Posh gin from London garage bucks the trend

The history of London’s gin industry is peppered with tales of small-scale producers boiling up heady spirits in tiny sheds. So it was natural that the authors of an attempt to reinvent the practice would set up their venture in a tin-roofed suburban garage in Hammersmith.

Behind the double doors of this small workshop in a west London residential street bubbles Prudence, the first new copper still to be built in the capital for 189 years. It has been put to work by two childhood friends who sank their life savings into reinvigorating the production of London Dry Gin, in the city from which it gained its name.

Far from conjuring up the dissolute chaos which Mother’s Ruin brought to impoverished 18th-century Londoners – famously depicted by the painter William Hogarth – the producers of Sipsmith London Dry Gin are catching the attention of a more discerning clientele.

From their bespoke “micro-distillery”, the founders of the suitably Dickensian-sounding company, Fairfax Hall and Stamford Galsworthy, have secured regular orders. The bar of the Dorchester Hotel (where a Sipsmith gin and tonic costs £12.94), the Harvey Nichols department store and The Ivy restaurant have become loyal customers. All deliveries are made by Mr Galsworthy on the back of his moped.

Mr Hall, 36, who gave up a job as a strategist for the drinks giant Diageo to pursue his dream of becoming a small-scale distiller, said: “It has been a labour of love. The trouble was that it had not been done in such a long time that nobody even knew how to grant us a licence. When we finally got one from HM Revenue & Customs it had to be handwritten on a piece of paper.”

The success of the first artisanal gin to be produced in London for nearly two centuries is part of a wider boom in demand for premium versions of the juniper-flavoured spirit. Euromonitor International, the market research company, estimates that mainstream high-end brands, including Tanqueray or Bombay Sapphire, now account for 30 per cent of global gin sales. In Britain, where sales of gin have generally stagnated in recent years, the premium brands have bucked the trend and now have a 17.5 per cent share of the market. Globally, the market for posh gin is predicted to grow at about 5 per cent a year.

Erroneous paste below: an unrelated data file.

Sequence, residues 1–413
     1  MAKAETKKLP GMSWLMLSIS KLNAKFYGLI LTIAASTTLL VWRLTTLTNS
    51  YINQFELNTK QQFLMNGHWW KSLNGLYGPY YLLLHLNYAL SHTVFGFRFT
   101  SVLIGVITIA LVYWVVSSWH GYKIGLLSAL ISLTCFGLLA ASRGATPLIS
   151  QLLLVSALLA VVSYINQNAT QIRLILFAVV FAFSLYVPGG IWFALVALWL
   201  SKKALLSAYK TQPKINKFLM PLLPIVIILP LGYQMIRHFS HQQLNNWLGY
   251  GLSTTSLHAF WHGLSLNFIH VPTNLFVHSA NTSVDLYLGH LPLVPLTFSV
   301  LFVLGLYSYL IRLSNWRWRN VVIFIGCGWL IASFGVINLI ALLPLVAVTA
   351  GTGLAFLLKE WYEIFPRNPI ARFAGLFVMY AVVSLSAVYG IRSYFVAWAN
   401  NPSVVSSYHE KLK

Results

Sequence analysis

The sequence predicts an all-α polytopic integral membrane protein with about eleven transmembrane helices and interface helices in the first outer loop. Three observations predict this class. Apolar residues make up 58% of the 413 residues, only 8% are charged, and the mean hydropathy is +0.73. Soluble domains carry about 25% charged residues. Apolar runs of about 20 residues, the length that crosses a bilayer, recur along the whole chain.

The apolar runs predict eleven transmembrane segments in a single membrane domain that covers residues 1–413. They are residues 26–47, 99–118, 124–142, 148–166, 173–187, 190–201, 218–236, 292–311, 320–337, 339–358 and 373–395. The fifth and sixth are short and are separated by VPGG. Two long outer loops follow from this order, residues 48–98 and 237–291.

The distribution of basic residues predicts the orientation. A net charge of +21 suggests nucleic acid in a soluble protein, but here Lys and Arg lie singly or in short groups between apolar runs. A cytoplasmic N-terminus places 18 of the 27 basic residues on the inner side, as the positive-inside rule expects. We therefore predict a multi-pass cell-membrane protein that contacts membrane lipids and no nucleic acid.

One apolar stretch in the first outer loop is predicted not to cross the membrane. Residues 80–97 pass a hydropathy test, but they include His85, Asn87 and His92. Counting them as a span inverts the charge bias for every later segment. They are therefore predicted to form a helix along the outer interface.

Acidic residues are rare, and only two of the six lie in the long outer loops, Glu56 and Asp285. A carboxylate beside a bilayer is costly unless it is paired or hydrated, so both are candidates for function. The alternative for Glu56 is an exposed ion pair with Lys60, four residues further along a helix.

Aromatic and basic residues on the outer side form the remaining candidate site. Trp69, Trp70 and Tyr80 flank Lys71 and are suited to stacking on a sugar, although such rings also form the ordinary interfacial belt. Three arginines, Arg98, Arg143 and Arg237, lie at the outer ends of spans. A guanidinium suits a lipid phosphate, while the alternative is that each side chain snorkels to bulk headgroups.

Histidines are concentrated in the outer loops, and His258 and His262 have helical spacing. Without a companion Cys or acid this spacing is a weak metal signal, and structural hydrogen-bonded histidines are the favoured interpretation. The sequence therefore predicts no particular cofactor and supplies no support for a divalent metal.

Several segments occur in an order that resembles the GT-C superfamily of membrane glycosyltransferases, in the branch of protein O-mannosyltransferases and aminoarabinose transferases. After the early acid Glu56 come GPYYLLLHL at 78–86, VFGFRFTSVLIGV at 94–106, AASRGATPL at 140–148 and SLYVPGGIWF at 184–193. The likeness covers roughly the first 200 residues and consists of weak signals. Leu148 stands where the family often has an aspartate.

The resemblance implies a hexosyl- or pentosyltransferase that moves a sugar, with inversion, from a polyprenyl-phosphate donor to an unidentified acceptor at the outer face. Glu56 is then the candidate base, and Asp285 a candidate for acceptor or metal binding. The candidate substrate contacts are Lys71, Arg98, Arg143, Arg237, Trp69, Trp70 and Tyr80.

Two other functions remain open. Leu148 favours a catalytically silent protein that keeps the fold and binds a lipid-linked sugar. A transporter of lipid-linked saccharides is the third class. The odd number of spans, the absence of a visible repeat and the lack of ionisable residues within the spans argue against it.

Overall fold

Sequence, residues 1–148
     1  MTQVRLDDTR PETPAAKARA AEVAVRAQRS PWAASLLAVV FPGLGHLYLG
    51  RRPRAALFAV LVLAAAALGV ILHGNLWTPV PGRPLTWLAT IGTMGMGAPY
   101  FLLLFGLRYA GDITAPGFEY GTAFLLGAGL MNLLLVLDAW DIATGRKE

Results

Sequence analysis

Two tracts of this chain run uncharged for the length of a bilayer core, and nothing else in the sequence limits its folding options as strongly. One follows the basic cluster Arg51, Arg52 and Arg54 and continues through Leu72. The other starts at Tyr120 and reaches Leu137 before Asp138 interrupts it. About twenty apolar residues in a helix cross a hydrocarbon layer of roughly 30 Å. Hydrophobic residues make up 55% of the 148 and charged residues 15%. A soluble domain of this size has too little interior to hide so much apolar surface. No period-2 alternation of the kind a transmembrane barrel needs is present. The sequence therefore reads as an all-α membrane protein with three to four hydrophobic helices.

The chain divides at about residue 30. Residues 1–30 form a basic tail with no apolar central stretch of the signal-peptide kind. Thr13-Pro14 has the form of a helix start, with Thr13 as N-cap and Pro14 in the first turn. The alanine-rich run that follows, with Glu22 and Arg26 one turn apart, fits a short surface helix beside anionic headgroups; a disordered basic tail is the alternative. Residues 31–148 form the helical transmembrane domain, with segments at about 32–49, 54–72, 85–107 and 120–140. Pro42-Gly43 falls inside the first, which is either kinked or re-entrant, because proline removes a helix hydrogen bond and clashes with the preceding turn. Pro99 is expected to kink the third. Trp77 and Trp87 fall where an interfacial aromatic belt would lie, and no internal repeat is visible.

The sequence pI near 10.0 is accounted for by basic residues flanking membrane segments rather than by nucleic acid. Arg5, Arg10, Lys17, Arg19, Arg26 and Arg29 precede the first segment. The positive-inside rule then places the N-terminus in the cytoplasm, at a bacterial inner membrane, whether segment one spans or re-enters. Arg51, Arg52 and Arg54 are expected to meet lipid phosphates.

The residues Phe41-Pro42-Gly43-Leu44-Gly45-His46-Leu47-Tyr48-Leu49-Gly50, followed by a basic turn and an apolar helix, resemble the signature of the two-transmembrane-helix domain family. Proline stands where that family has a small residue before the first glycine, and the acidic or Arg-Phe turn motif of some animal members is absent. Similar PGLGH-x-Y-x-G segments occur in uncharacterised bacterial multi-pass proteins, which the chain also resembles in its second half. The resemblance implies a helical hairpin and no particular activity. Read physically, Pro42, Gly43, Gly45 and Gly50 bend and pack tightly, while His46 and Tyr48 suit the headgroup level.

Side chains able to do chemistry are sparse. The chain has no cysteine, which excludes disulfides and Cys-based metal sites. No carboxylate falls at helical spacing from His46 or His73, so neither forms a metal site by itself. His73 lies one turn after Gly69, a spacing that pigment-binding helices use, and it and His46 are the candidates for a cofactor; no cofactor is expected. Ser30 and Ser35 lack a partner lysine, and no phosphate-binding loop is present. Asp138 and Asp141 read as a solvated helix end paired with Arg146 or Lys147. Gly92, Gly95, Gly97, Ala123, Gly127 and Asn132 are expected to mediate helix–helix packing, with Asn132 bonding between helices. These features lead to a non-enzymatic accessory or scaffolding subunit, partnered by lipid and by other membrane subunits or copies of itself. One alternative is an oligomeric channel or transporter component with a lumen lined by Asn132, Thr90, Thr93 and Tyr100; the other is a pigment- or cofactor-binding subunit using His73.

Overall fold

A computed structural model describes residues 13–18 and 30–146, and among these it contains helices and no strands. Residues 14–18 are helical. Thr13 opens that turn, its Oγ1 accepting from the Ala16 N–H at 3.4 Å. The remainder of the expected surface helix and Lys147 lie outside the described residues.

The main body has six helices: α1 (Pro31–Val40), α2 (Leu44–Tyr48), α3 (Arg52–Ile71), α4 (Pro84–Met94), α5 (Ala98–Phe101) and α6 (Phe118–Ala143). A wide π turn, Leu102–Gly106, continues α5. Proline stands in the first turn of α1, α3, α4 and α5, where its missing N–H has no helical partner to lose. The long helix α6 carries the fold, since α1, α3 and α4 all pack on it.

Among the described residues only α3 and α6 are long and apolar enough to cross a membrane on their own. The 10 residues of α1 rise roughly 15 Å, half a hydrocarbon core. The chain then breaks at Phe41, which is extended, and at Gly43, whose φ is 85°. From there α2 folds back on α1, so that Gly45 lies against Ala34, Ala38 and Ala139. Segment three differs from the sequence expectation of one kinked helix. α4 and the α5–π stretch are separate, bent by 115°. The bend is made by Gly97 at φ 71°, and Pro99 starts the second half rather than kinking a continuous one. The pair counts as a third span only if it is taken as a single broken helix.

But while the big producers are each pumping out 30,000 litres of gin every day (and only one company, Beefeater, still makes London Dry Gin in London), production at Sipsmith, which also makes a vodka, has a more intimate scale. Each £24 bottle comes with a batch number that can be checked on the company’s website, allowing customers to see how the weather was when it was being made.

The nondescript exterior of the company’s garage headquarters conceals a dazzling tangle of gleaming copper piping and boiling vessels, alongside jars of botanical flavourings from orange peel to bitter Spanish almonds. It resembles a scene from a Jules Verne novel, or a medieval apothecary.